There’s no denying that safely learning how to operate a crane can be mentally demanding. The testing and certification process can be even more complicated. But the National Commission for the Certification of Crane Operators has recently taken several measures to make that process simpler, easier, and more cost-effective for operators-in-training. The new updates will go into effect immediately and include dramatically decreasing the number of complicated documents and diagrams that potential crane operators will have to pour over in addition to eliminating specific testing requirements altogether.
Simplification of the CCO CAD Library
The CCO has created dozens of Computer-assisted drawings (CADs) over the years to mimic real-world situations that crane operators in training may run into on the job. Those CADs have been used for years in the training and testing process. But a recent review of those documents found them to be overly complicated, out of touch with reality, and—at least the majority of them—redundant. That’s why the organization is streamlining their CAD library and cutting the number of drawings they’ll be using in future certification exams to just a handful.
A review of the documents found that a solid 80% of all real-world sites that operators might come across would be covered adequately by just twelve of the CADs the CCO had stored in their library. The remainder of the drawings were deemed excessive and, ultimately, unnecessary.
This will undoubtedly make the crane testing and certification process much easier for individuals in an operator training class. The CCO says that by limiting the number of CADs used in new testing applications it will:
- Reduce turnaround time for CADs by as much as three weeks—making the testing process quicker for trainers and trainees
- Decrease the amount of confusion and paperwork necessary for NCCCO-approved training and testing
- Improve the transparency of the CAD process by allowing test sites to whether a CAD is available for their crane before applying for one
But the simplification process doesn’t end there. The CCO has also examined individual testing processes to identify and eliminate redundant testing.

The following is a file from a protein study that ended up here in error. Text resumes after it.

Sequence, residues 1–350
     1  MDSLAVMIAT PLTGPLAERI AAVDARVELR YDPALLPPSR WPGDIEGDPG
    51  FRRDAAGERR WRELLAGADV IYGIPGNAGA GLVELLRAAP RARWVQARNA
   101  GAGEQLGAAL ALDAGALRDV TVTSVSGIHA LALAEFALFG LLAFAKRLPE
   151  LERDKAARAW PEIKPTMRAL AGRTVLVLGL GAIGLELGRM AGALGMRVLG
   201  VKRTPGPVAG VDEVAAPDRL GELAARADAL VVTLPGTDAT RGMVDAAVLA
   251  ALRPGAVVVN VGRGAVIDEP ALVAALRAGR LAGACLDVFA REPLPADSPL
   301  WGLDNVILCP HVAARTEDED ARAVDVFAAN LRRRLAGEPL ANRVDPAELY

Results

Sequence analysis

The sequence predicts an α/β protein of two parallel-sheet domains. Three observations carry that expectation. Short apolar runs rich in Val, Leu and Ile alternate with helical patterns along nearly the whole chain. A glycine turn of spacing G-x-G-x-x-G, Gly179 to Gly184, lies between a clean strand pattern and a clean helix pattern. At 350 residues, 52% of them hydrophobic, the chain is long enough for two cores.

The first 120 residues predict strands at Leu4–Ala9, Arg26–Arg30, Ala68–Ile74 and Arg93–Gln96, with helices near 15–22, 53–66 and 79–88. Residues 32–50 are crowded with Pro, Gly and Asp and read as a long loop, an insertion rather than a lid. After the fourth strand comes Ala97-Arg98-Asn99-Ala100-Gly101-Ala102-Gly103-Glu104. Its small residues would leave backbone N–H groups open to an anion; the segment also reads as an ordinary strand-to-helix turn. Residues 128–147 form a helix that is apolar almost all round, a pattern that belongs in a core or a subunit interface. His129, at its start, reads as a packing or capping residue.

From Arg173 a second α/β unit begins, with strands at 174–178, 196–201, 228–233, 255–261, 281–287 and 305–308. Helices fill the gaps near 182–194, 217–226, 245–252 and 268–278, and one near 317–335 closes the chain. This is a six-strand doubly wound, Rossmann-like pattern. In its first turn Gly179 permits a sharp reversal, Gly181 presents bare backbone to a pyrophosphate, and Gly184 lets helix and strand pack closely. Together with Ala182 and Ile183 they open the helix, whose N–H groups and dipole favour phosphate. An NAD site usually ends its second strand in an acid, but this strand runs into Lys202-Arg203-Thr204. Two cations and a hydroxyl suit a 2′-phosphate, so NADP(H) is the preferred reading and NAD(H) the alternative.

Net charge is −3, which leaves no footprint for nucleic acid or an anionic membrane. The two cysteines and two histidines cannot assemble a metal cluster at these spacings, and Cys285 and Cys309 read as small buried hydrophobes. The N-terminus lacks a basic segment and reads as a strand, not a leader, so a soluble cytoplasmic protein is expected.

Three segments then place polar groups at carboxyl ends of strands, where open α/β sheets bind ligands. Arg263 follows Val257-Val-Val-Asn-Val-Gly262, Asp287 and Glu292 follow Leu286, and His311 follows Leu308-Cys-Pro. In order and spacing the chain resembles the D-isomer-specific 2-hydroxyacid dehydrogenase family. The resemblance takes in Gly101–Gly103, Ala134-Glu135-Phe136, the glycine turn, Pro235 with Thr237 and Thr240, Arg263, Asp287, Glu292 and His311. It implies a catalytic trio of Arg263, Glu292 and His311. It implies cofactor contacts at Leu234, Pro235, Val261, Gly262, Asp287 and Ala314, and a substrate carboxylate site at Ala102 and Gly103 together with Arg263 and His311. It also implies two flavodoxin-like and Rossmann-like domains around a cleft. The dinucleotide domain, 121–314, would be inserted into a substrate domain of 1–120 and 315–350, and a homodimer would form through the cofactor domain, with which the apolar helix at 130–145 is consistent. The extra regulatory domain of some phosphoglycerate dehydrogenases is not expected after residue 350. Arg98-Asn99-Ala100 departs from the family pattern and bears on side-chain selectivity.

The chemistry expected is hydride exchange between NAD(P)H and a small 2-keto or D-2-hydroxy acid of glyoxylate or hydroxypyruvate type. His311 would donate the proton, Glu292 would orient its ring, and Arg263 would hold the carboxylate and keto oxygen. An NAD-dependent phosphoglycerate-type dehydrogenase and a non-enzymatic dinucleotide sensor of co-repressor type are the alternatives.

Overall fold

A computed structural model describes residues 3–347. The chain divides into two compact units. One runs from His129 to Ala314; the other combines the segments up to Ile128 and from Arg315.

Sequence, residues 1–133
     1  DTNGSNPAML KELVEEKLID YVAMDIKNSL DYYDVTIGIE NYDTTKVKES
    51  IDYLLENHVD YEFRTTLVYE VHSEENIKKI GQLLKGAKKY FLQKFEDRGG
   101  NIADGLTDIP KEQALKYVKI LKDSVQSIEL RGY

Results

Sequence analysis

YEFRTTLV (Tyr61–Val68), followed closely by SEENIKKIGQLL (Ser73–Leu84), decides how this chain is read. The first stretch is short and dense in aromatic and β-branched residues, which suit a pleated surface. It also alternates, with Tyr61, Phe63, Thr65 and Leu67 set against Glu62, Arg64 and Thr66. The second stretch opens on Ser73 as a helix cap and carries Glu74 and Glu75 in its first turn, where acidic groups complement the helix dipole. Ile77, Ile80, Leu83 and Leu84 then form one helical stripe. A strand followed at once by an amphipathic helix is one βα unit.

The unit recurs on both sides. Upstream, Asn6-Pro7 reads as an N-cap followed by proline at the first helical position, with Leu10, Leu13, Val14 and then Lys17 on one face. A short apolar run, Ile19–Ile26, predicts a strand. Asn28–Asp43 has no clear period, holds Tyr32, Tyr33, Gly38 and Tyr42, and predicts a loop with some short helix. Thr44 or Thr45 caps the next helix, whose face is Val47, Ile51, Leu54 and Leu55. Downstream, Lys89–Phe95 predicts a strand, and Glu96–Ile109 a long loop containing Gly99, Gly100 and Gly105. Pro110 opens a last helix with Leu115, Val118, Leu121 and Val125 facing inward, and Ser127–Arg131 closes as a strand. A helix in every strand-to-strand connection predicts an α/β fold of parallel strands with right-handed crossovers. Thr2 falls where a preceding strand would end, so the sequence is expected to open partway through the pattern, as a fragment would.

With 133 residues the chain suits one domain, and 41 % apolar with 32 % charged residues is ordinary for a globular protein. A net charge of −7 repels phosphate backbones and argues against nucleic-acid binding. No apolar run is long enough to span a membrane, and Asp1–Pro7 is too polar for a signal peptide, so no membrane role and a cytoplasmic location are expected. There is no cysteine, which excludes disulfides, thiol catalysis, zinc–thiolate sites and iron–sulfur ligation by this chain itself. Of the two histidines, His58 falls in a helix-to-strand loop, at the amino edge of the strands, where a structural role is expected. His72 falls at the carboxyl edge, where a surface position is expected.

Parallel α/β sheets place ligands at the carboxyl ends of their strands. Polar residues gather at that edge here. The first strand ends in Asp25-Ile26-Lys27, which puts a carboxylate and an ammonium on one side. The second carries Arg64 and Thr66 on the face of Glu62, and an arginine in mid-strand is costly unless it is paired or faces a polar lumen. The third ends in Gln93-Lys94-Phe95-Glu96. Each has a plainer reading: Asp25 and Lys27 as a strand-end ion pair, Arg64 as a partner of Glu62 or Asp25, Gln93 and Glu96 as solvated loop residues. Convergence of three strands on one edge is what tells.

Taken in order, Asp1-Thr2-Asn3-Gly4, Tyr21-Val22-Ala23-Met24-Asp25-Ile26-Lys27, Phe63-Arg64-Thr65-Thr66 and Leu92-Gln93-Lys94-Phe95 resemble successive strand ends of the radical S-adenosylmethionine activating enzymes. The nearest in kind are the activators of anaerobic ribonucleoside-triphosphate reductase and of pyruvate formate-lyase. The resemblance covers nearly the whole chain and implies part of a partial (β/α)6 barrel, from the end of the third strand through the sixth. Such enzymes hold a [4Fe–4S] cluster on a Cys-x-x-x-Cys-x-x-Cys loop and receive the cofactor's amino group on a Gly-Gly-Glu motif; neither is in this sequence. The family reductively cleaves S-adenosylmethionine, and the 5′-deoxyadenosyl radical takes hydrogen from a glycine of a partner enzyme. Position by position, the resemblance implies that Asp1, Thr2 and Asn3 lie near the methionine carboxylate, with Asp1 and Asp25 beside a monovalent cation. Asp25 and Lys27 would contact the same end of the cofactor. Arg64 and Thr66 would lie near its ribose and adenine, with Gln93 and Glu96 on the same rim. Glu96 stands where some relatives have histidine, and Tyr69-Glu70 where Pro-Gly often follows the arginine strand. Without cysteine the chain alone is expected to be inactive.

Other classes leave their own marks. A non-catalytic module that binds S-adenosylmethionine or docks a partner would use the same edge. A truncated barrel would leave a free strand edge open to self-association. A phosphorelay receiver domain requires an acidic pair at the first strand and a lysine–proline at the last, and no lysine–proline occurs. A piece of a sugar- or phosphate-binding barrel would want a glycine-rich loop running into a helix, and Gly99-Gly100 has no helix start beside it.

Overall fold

CCC Discontinues Boom Truck Fixed Cab Testing
The CCO announced in August of 2021 that it would be discontinuing the outdated certification process specifically assigned to Boom Truck Fixed Cab cranes due to redundancies and industry demand. While this may discourage some operators it’s actually good news that could potentially lead to more job opportunities and higher potential lifetime earnings for certified crane operators.
BTF testing and certification was created by the CCO because industry leaders requested it years ago. The process was designed to allow potential crane operators to get very specific certification so they could perform specific work on a limited stable of crane equipment. However, upon further examination, the CCO found that most operators and organizations are currently opting to use TSS certification instead. TSS certification allows operators to use BTF cranes in addition to a much wider array of heavy equipment at jobsites. TSS certification is, therefore, a much more valuable certification than the limited BTF variant.
This discontinuation doesn’t invalidate any existing BTF certifications, but when an operator comes up for recertification, they must take the full TSS test instead—effectively upgrading their certification and increasing their job opportunities automatically.
Now Is the Time to Get NCCCO Certified
While the CCO didn’t come out directly and state this, these two simplifications are likely in response to the increasing number of crane operator and heavy equipment operator jobs that remain open with in the construction, transportation, infrastructure, and utility industries. Indeed, over the course of the past two years, industry growth has remained steady, but the pool of new heavy equipment operators has remained relatively stable. This has created a worker shortage that has resulted in businesses paying much higher wages, offering huge sign-on bonuses, and adding other perks to their packages to entice uncertified individuals to get trained now.
If you’d like to learn more about NCCCO certified crane training and certification, contact Nationwide Crane Training today to find an open enrollment class near you. Open up your job opportunities and earning potential in just a few short weeks and change your life forever.